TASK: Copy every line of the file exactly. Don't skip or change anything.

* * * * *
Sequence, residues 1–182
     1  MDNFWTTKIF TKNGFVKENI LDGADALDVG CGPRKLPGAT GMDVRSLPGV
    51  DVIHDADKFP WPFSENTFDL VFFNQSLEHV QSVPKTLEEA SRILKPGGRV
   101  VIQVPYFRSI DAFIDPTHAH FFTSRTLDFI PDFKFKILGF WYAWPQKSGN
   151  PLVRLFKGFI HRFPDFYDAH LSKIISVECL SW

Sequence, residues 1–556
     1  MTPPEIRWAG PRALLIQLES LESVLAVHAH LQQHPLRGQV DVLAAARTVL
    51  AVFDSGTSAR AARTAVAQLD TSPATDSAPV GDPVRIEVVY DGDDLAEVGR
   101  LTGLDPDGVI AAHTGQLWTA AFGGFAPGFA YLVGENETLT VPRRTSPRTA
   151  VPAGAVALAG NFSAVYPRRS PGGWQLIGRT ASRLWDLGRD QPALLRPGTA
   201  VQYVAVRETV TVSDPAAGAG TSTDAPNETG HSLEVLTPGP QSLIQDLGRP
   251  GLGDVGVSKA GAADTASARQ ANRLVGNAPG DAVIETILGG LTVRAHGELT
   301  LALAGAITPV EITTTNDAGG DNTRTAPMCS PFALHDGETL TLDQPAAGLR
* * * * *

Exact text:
Sequence, residues 1–182
     1  MDNFWTTKIF TKNGFVKENI LDGADALDVG CGPRKLPGAT GMDVRSLPGV
    51  DVIHDADKFP WPFSENTFDL VFFNQSLEHV QSVPKTLEEA SRILKPGGRV
   101  VIQVPYFRSI DAFIDPTHAH FFTSRTLDFI PDFKFKILGF WYAWPQKSGN
   151  PLVRLFKGFI HRFPDFYDAH LSKIISVECL SW

Sequence, residues 1–556
     1  MTPPEIRWAG PRALLIQLES LESVLAVHAH LQQHPLRGQV DVLAAARTVL
    51  AVFDSGTSAR AARTAVAQLD TSPATDSAPV GDPVRIEVVY DGDDLAEVGR
   101  LTGLDPDGVI AAHTGQLWTA AFGGFAPGFA YLVGENETLT VPRRTSPRTA
   151  VPAGAVALAG NFSAVYPRRS PGGWQLIGRT ASRLWDLGRD QPALLRPGTA
   201  VQYVAVRETV TVSDPAAGAG TSTDAPNETG HSLEVLTPGP QSLIQDLGRP
   251  GLGDVGVSKA GAADTASARQ ANRLVGNAPG DAVIETILGG LTVRAHGELT
   301  LALAGAITPV EITTTNDAGG DNTRTAPMCS PFALHDGETL TLDQPAAGLR